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dc.contributor.authorWest, Helen Knapp
dc.date.accessioned2014-03-04T02:35:39Z
dc.date.available2014-03-04T02:35:39Z
dc.date.issued2007-05
dc.identifier.otherwest_helen_k_200705_ma
dc.identifier.urihttp://purl.galileo.usg.edu/uga_etd/west_helen_k_200705_ma
dc.identifier.urihttp://hdl.handle.net/10724/24032
dc.description.abstractIn Elizabeth Cleghorn Gaskell and Charlotte Brontë’s industrial novels, Mary Barton, North and South and Shirley, the female protagonists display increased agency as they move between the public and private sectors. The authors incorporate a critique of Christian institutions into their industrial texts, insisting that the church must not ignore the plight of women and the industrial poor. Inspired by her belief in Jem’s innocence, Mary Barton moves from the domestic realm and into a public courtroom. North and South focuses on the development of female influence. Shirley points to the possibility of a new, elevated place for women within a spiritual context. Reflecting the crises of the times in which they were written, these novels illustrate that the experience of crises instigates change, and that the crises facing industrial England called for transformation in terms of politics, religion and sexual roles.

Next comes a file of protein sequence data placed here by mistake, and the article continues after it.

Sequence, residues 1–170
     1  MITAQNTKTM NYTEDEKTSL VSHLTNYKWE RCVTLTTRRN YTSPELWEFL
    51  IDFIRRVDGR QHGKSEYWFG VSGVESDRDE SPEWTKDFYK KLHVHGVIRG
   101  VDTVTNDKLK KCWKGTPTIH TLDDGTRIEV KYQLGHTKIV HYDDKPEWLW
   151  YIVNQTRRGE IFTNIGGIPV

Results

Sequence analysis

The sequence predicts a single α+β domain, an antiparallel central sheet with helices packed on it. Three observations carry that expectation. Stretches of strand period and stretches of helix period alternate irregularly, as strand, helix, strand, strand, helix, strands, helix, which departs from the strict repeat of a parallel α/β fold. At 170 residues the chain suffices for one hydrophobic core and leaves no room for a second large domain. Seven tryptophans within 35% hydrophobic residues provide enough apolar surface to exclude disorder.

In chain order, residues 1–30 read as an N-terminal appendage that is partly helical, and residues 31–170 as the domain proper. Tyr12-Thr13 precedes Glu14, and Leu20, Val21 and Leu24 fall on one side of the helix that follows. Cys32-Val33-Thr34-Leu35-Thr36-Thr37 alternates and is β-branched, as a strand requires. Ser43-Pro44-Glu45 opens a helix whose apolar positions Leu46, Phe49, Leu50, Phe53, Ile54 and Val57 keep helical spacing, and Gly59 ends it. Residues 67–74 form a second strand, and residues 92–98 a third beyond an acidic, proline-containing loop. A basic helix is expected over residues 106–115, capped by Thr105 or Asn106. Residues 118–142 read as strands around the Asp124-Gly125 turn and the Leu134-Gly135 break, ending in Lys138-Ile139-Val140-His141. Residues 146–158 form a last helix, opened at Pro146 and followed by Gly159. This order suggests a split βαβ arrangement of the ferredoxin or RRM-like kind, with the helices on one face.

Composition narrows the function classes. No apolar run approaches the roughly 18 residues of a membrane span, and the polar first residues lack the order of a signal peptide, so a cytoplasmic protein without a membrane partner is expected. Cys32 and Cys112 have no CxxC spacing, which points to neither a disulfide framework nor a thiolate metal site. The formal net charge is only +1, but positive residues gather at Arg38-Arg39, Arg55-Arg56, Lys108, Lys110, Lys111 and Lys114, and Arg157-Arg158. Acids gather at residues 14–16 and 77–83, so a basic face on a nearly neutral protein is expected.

dc.languageeng
dc.publisheruga
dc.rightspublic
dc.subjectElizabeth Cleghorn Gaskell
dc.subjectCharlotte Bronte
dc.subjectMary Barton
dc.subjectNorth and South
dc.subjectShirley
dc.subjectindustrial novel
dc.subjectMargaret Hale
dc.subjectShirley Keeldar
dc.subjectCaroline Helston
dc.titleMary Barton, north and south, and Shirley: women and faith in industrial England
dc.title.alternativean examination of three novels by Elizabeth Cleghorn Gaskell and Charlotte bronte
dc.typeThesis
dc.description.degreeMA
dc.description.departmentEnglish
dc.description.majorEnglish
dc.description.advisorRoxanne Eberle
dc.description.committeeRoxanne Eberle
dc.description.committeeRichard Menke
dc.description.committeeTricia Lootens


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